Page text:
Can you guess what the best-performing stock in the Dow Jones Industrial Average was in 2019? None other than Apple (NASDAQ: AAPL), which was up 89% including dividends. Not only that, but shares of Apple have continued to appreciate even in the new year, as analysts continue to upgrade the stock.
There were many reasons Apple performed so terrifically. For one, it was far too cheap to begin with at the start of the year, when the U.S.-China trade war sparked fears of a recession. But as the year progressed, Apple rolled out four big new services, putting a spotlight on its non-iPhone business. In addition, Apple's wearables segment accelerated.
Speaking of iPhones, sales came in largely better-than-feared, as Apple lowered prices in China, then lowered the entry price of the new iPhone 11 in September. That spurred a surge in demand, as many iPhone 6 and 6s users were due for an upgrade.
Later in the year, enthusiasm over 5G phones, set to come out in 2020, sparked hopes of a big upgrade cycle going forward in the 2020s. Finally, to cap off the year, Apple noted record-breaking performance from its App Store, once again putting the highlight on its recurring services business, which helped increase the PE multiple investors were willing to pay for Apple's shares.
As a proud Apple shareholder, this was all music to my ears -- and my portfolio; however, Apple shareholders now face a bit of a conundrum. While I still believe Apple is a great long-term holding, the stock has obviously had a great run and is not exactly "cheap" anymore at over 26 times earnings.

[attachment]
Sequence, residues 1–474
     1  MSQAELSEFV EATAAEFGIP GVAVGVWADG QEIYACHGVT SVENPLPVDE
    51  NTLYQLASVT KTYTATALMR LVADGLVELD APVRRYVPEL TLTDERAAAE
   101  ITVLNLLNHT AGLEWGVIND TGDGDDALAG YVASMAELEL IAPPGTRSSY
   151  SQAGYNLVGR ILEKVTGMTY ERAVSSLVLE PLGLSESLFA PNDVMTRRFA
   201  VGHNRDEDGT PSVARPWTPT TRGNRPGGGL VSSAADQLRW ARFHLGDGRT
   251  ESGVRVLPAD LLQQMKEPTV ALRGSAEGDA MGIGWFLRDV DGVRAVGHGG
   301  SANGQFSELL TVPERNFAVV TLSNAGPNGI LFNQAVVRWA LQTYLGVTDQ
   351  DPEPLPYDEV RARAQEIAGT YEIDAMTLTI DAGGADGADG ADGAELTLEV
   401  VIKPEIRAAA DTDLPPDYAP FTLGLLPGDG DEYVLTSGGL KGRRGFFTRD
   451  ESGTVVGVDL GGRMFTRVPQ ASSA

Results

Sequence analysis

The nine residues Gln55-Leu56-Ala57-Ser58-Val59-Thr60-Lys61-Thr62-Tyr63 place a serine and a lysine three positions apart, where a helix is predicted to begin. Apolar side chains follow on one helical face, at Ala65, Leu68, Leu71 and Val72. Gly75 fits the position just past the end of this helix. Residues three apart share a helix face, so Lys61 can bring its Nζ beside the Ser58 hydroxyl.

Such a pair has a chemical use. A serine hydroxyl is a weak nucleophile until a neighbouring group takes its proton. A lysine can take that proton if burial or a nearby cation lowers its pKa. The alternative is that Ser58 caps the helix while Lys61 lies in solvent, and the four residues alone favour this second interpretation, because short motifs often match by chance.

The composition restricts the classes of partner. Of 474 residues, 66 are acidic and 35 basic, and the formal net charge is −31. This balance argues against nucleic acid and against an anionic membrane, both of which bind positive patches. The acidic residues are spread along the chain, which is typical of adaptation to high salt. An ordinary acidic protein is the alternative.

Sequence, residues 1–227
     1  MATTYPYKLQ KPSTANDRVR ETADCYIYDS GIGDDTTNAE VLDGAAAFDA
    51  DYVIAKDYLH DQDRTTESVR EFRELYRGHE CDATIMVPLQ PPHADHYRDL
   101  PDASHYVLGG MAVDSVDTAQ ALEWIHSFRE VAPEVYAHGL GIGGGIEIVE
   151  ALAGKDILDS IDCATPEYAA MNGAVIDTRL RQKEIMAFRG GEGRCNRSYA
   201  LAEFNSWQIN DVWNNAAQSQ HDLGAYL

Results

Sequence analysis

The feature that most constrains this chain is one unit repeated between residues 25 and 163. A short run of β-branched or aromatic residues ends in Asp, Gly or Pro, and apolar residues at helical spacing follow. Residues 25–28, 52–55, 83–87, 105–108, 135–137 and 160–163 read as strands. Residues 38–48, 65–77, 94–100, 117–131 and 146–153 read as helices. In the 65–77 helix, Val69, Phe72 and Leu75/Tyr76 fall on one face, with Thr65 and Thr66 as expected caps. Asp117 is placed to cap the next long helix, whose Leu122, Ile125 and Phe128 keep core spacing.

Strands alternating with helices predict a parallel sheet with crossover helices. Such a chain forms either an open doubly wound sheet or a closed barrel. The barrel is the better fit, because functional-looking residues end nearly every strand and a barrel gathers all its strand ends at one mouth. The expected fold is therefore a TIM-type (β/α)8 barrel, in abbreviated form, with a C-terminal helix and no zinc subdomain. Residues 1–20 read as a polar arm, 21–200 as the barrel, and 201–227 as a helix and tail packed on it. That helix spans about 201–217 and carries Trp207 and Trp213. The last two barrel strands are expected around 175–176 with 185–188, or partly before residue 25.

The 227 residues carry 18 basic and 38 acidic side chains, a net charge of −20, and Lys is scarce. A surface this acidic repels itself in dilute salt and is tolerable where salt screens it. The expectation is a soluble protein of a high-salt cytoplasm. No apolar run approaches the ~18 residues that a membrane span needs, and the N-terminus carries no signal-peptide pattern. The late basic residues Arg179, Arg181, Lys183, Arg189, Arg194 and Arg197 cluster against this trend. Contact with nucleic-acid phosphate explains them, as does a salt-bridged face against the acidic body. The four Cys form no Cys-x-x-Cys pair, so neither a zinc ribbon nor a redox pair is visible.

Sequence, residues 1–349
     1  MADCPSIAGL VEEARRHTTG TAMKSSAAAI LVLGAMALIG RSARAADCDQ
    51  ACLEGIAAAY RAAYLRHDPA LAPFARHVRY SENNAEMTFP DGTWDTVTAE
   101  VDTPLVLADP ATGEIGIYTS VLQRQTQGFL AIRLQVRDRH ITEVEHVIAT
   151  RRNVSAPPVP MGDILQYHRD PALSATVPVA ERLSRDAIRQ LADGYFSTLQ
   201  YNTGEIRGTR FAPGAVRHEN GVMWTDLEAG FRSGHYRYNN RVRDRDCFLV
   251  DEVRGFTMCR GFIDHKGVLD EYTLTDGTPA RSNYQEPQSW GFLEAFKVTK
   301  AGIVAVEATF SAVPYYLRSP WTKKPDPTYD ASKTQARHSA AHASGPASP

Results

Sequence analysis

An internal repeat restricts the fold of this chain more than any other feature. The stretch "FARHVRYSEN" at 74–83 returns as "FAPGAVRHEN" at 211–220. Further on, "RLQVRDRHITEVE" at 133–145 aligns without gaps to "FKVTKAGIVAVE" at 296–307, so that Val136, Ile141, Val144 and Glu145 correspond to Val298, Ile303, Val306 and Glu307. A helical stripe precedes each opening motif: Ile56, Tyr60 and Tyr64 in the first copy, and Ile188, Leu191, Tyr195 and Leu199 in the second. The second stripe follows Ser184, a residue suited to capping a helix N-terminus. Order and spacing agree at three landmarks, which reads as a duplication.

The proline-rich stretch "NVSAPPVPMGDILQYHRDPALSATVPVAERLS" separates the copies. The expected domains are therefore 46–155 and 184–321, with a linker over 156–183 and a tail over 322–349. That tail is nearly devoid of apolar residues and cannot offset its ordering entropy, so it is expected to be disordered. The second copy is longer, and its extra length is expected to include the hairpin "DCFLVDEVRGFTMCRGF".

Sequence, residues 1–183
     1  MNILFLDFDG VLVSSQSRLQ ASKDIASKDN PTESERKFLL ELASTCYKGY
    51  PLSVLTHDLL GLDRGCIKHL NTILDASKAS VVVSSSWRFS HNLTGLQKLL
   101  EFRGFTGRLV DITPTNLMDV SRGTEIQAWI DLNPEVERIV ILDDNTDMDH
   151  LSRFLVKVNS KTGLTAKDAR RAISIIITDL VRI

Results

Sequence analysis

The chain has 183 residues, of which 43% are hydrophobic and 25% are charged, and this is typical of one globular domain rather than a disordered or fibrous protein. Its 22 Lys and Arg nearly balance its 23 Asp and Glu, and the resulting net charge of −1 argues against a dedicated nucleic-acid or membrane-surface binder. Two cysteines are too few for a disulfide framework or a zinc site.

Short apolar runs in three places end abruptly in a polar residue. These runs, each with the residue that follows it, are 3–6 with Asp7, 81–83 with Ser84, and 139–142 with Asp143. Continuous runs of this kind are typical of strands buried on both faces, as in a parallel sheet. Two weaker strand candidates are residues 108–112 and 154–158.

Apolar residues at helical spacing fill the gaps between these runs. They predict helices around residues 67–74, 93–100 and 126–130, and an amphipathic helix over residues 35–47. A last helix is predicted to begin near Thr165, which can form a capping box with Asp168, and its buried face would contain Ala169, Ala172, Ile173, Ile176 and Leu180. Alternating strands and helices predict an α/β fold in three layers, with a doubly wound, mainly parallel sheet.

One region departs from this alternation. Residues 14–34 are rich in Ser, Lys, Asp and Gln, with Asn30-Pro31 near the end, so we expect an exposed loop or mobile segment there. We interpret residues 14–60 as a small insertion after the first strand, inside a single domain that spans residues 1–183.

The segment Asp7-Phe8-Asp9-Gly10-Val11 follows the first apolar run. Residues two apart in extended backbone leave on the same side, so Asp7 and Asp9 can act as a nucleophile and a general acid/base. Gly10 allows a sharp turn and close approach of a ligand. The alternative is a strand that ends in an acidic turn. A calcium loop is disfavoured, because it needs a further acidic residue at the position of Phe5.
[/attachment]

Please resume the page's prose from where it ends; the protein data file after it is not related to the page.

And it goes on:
Yet, instead of selling, here's what I did to increase the yield on my Apple stock, in a way that will allow me to continue to hold onto my shares... up to a point.
Selling Calls against my Apple shares
Last Thursday, I sold a call option against my Apple shares, expiring in June, with a strike price of $400.
What does that mean? Specifically, a call option gives the holder the right to buy 100 shares of stock at a pre-determined time and at a certain price. In this case, the call option in question gives the holder the right to buy 100 shares of Apple at $400 by June 19, 2020. An option is a derivative instrument, and its value fluctuates with the price of the underlying shares during the life of the option.
In my case, I sold the call option, which means I collected the cash premium, and am technically short 100 shares of Apple at $400 until June. If Apple rises and exceeds $400 at June 19, I'll be forced to sell 100 Apple shares at $400, even if the price is higher than that. Last week, I sold the option for $1.63, which means I collected $163 (100 shares x $1.63) on the sale.
Pricing options can be complicated, but an option's price really boils down to a handful of factors:
- The underlying stock price.
- Volatility, or the annualized variance in the underlying stock (the more volatile the stock, the pricier the option).
- The risk-free rate.
- Dividends to be paid on the underlying asset.
- The strike price.
- Time to expiration (the further away the expiration, the more expensive the option).
While some of these variables can be complicated to calculate, investors should pay the most attention to price, time to expiration, and volatility when assessing whether to buy or sell an option.
Doubling my dividend
Now, I only sold that call because because I am fortunate enough to own over 100 shares of Apple, a large holding that I've periodically added to over the course of several years. Selling an option against an equivalent amount of shares is called a covered call strategy.